An a priori designed data extraction tool based on the Cochrane recommendations was used. The following data were extracted from each study: First author’s last name, publication year, country where the study was performed, study design, study period, type of stroke, gestational age, birth weight, risk factors of preterm stroke, clinical presentation and outcome of each of the stroke types, as well as unadjusted and adjusted odds ratios, if reported. The quality of included studies were assessed using the Oxford centre for evidence-based medicine 2011 levels of evidence [16]. Study selection and data extraction were conducted independently by two investigators (BR and IN or MFE), with disagreements resolved by consensus.

2.3Statistical analysis

All the findings were summarised and descriptive statistics used to describe the etiological and clinical variables extracted from papers. If the included studies reported on an individual case basis, proportions of the clinical variables were evaluated across the three stroke categories. A meta-analysis could not be conducted due to the heterogeneity of the reported data in the selected studies; explicitly, mismatched aims of the studies, discordant outcomes of stroke, and the small number stroke cases in each of the sub-groups for analysis. The statistician author (CG) deemed the conduct of any inferential analyses to be inappropriate. Associations were investigated for case by case where data were available. All analyses were conducted using STATA V.14 (STATA, Version 14, Stata Corp, College Station, TX, USA).


3.1Study characteristics

The search strategy is summarised in the PRISMA flow diagram (Fig. 1). 7490 studies were identified and after removing the duplicates and examining the titles and abstracts, 52 studies were eligible for full-text review. Of these, 14 studies met the predetermined criteria and were included (Table 1). All the included studies were from high income countries. The studies were analysed based on the type of stroke (Table 1): PVHI [17–23], PAIS [24–28] and CSVT [29, 30] in the chronology of the publication year (starting with the most recent study).

Fig. 1

Flow chart of study selection using the PRISMA diagram [40].

Table 1

Characteristics of studies included in the systematic review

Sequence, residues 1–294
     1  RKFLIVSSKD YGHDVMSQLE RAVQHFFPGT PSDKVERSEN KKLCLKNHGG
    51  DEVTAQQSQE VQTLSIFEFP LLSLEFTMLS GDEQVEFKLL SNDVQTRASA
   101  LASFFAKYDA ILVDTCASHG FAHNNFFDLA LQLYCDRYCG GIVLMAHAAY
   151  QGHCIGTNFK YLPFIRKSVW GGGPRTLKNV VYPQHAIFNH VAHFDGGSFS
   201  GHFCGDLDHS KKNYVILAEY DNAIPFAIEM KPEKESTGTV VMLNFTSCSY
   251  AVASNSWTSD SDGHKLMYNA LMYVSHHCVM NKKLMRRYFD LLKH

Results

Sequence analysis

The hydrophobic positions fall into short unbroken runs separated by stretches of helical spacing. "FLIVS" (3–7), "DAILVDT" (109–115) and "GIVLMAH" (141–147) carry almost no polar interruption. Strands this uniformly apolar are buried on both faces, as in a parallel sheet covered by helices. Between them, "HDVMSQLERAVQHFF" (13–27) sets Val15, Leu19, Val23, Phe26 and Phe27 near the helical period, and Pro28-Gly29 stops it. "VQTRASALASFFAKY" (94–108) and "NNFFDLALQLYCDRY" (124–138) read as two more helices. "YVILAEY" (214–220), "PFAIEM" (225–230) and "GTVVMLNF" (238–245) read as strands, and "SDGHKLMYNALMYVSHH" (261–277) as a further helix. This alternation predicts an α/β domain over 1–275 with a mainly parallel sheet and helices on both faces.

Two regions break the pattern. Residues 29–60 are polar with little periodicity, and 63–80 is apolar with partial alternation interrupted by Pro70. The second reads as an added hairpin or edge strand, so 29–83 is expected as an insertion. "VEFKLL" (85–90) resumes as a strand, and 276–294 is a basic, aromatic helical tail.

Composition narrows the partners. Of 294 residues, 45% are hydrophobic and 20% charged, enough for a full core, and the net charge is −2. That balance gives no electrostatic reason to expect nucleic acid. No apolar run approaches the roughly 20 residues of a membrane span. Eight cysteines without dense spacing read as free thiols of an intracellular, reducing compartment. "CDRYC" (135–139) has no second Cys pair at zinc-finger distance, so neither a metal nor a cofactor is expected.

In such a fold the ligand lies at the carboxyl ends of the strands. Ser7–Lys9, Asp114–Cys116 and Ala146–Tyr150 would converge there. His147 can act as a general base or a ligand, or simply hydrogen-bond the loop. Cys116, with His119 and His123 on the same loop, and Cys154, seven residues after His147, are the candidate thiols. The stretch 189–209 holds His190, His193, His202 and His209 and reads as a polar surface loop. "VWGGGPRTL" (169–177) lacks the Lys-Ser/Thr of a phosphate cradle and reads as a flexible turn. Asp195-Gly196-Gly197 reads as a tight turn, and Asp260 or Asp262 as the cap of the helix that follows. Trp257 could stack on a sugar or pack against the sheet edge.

Study no:Author (year)Stroke typeStudy originStudy designStudy periodnGA (weeks)BW (grams)OCEBM 2011 Levels of evidence [16]Study 1Roze et al. (2015) [17]PVHINetherlandsRetrospective Cohort study2007–20122325–34650–1950Level 3Study 2Soltirovska Salamon et al. (2014) [18]PVHINetherlandsRetrospective Cohort study1990–201221328–34910–2965Level 3Study 3Tsuji et al. (2014) [19]PVHIJapanRetrospective Cohort study1997–20052223–31538–1240Level 3Study 4Harteman et al. (2012) [20]PVHINetherlandsRetrospective Cohort study2005–20106225–34580–2210Level 3Study 5Roze et al. (2009) [21]PVHINetherlandsProspective Cohort study1995–20033825–35700–2430Level 3Study 6Dudink et al. (2008) [22]PVHINetherlandsRetrospective Cohort study2000 –20052024–34775–2800Level 3Study 7Bassan et al. (2006) [23]PVHIUSARetrospective Case-control study1997 –20025823–33450–2375Level 3Study 8Portale et al. (2019) [24]PAISItalyRetrospective Cohort studyJanuary 1996–February 2015235–363360–3500Level 3Study 9Van der Aa et al. (2016) [25]PAISNetherlandsRetrospective Cohort study1990–20151228–35NALevel 3Study 10Ecury-GoossenPAISBelgiumRetrospective1999–20112524–36NALevel 3et al. (2013) [26]Cohort studyStudy 11Benders et al. (2009) [27]PAISNetherlandsProspective Cohort study1990–20053127–36NALevel 3Study 12Golomb et al. (2008) [28]PAISUSARetrospective Cohort study1989–20062323–35535–2786Level 3Study 13Raets et al. (2013) [29]CSVTNetherlandsProspective Cross-control study2009–20131124–28615–1185Level 3Study 14Kersbergen et al. (2011) [30]CSVTNetherlandsRetrospective Cohort study2002–2010630–35NALevel 32006–2009Total2000–2009 = 5 studiesPVHI = 7 studiesProspective = 3 studies1989 –20152000–2009 = 17023–36450–3500Level 3 = 142010–2020 = 9 studiesPAIS = 5 studiesRetrospective = 11 studies2010–2020 = 376weeksgramsstudiesCSVT = 2 studiesTotal = 546